Once again, Lynne Templer was a central figure with the majority of responsibility on her shoulders.  The show was called 150 Years of Fashion, and Lynne made sure the fashions were true to the periods which extended back to the early 1800’s. It took Lynne approximately 3 hours to outfit one model; time to change garments, hair dos, etc had to be kept in mind. With over 20 models from various age groups, including one 90 year old, this was a mammoth task.

Lynne also took responsibility for writing the script used by the two moderators, Beth and Jamie Hunt. 150 Years of Fashion was a great success and created a lovely bond between the Costume House and the Vic Hall volunteers. The off shoot of this show is that the Costume House has received donations of fabulous garments, both vintage and cherished. The show made the community aware of the value and care the Costume House took of antique and special clothing. This is a direct reflection of both Lynne’s knowledge of fashion eras and costume periods. 

The Costume House has worked with the drama departments of the two Cobourg High schools, Bowmanville High School, plus other schools in the area.  Lynne is generally the contact and does the leg work. Before the students and staff arrive she will set up a number of racks full of clothing suitable for the production, period, etc. In dealing with the students, she is empathetic and kind, keeping in mind the needs of teenagers.

Bowmanville High school was doing a production of Grease. The “Pink Ladies” in the show needed pink windbreaker-style jackets.  Rather than have these teens look disjointed, Lynne purchased the fabric and single handedly sewed a set of six pink satin jackets for the show.  

The Northumberland Players have a number of volunteers skilled at resourcing, sewing and designing costumes for various productions. That said, seldom does a show go on stage without some advice or input from Lynne. Frequently, she will be asked to modify or sew from scratch a costume or part of a costume at the last minute.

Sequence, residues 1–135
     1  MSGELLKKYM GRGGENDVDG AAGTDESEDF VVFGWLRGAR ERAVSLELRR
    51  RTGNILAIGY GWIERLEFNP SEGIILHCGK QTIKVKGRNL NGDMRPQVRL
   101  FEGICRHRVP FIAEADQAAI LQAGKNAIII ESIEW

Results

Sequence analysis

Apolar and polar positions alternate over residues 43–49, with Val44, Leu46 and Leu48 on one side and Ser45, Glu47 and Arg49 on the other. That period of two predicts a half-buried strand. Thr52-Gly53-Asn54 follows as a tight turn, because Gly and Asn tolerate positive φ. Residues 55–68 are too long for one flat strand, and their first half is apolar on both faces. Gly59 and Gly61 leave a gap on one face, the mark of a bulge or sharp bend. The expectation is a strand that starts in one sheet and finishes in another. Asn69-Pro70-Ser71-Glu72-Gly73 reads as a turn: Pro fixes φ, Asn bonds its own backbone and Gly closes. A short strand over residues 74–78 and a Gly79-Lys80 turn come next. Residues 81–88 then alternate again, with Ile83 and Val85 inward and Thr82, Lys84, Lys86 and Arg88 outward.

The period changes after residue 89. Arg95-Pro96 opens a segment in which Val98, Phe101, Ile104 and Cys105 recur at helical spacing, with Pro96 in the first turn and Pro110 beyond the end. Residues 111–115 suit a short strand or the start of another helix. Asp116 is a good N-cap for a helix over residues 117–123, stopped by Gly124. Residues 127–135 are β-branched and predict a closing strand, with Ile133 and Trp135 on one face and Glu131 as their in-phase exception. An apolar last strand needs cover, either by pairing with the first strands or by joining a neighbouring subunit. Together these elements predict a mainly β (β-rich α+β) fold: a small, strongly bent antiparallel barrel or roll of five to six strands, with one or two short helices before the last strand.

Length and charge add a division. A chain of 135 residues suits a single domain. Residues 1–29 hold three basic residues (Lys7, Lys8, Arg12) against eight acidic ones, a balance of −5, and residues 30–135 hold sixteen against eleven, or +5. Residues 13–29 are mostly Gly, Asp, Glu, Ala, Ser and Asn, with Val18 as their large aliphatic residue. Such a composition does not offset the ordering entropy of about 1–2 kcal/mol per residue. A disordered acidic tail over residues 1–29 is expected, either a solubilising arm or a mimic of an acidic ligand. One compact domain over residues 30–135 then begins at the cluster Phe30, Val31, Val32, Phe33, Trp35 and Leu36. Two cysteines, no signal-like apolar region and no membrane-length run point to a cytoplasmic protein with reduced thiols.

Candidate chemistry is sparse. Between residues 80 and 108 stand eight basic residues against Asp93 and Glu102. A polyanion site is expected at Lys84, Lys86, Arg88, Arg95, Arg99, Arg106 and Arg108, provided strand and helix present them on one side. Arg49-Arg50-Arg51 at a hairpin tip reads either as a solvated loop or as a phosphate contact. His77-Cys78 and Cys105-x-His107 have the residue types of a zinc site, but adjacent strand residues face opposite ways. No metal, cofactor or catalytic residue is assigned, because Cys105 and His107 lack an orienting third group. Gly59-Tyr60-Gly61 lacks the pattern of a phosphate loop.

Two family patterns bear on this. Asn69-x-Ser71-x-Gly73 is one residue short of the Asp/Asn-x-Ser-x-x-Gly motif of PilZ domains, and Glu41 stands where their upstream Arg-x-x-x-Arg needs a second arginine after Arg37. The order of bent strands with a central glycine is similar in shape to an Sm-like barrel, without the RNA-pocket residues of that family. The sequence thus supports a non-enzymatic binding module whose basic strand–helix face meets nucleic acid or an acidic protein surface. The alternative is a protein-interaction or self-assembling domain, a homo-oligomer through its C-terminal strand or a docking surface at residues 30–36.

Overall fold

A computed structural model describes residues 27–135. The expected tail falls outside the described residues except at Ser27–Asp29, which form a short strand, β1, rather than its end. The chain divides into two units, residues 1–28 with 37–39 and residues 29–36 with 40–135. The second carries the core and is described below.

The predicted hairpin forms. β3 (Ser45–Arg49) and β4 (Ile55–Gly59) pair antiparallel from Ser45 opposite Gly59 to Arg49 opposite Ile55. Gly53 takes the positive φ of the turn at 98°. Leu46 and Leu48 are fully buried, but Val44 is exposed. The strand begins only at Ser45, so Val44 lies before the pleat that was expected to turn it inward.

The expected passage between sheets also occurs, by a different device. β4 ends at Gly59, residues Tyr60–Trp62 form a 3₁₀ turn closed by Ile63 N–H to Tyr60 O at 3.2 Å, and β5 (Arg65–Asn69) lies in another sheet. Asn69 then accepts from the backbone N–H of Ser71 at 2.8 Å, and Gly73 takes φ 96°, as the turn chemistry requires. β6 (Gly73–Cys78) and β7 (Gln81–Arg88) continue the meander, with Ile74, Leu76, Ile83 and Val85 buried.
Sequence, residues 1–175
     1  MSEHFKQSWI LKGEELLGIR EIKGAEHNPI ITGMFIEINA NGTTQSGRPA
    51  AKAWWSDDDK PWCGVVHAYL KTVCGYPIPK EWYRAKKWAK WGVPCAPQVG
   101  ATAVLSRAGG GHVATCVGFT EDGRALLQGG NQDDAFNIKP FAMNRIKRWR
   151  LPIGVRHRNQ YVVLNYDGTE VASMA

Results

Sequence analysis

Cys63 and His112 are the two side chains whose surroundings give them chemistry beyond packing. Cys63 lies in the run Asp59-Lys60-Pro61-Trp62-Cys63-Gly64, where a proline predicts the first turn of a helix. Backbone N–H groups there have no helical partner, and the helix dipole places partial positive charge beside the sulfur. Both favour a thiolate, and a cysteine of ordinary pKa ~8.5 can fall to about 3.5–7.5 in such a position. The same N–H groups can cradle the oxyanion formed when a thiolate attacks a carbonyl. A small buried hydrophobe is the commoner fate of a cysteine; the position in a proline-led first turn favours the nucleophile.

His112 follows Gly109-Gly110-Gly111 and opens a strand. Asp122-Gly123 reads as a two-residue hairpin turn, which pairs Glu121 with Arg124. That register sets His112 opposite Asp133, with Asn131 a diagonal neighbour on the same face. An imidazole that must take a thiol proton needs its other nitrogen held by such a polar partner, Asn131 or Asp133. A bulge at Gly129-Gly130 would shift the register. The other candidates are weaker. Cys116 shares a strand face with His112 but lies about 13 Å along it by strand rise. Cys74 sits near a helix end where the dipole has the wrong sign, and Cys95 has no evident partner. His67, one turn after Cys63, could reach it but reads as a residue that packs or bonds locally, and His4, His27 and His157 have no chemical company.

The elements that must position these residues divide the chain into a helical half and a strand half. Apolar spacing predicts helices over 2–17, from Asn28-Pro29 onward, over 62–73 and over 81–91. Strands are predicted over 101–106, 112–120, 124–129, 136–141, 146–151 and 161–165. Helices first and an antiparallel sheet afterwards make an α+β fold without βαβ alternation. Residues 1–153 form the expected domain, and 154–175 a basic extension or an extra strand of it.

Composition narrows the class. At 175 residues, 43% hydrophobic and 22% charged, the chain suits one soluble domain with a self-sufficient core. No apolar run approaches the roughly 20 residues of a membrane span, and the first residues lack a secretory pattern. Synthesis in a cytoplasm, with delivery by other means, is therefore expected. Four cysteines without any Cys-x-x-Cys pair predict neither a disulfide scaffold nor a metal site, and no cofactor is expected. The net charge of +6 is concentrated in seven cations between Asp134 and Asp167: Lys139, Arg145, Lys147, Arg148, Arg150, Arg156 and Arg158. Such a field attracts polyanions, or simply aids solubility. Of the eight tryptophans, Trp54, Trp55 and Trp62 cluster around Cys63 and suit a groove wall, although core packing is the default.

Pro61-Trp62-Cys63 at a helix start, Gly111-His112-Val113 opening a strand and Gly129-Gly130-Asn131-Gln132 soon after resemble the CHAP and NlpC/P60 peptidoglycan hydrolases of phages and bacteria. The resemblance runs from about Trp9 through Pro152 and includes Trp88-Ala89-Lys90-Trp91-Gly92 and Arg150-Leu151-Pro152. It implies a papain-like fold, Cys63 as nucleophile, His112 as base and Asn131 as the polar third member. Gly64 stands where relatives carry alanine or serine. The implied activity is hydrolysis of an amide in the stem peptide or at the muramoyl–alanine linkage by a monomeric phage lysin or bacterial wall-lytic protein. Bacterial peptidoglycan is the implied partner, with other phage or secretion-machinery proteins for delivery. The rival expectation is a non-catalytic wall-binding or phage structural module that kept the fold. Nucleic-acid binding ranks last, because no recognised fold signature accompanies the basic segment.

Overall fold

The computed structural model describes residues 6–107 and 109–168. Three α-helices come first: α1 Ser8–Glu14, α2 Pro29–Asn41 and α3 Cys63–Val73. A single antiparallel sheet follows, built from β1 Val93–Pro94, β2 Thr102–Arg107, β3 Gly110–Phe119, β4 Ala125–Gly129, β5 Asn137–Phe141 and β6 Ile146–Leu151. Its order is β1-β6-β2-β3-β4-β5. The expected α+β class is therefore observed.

In the everyday running of the Costume House, costumes and garments are rented out for a variety of purposes. The Costume House is “not for profit” and under Lynne’s guidance, this is quietly taken into consideration in rentals, with utmost respect for clients.  A year or so ago Downton Abbey parties were frequent and Lynne made sure we had outfits organized and ready for those interested. Prom dresses and tuxes are rentals, and on occasion vintage or special wedding dresses.

When clients come in they are welcomed and under Lynne’s guidance their needs are generally met. She has the artistic sense to combine garments that work for odd requests. The knowledge and understanding she has of costume periods and clothing traditions is recognized by other volunteers. Seldom is there a costume challenge that she can’t meet by either artistic combination or sewing.  

Lynne Templer’s skills, enthusiasm, knowledge of needs of actors on stage, knowledge of theatrical productions, and knowledge of costume eras is daunting and admired by those around her. Her work ethic and hours spent at the Costume House are unparalleled.  Lynne is truly a gift to theatre in Northumberland and beyond.  It has been suggested that under Lynne’s guidance and passion the Costume House has a collection with items worth museum designation.  

Her value to the arts in Cobourg is demonstrated even before taking into account her acting abilities and stage managing prowess. Lynne is truly a gift to local theatre and the arts.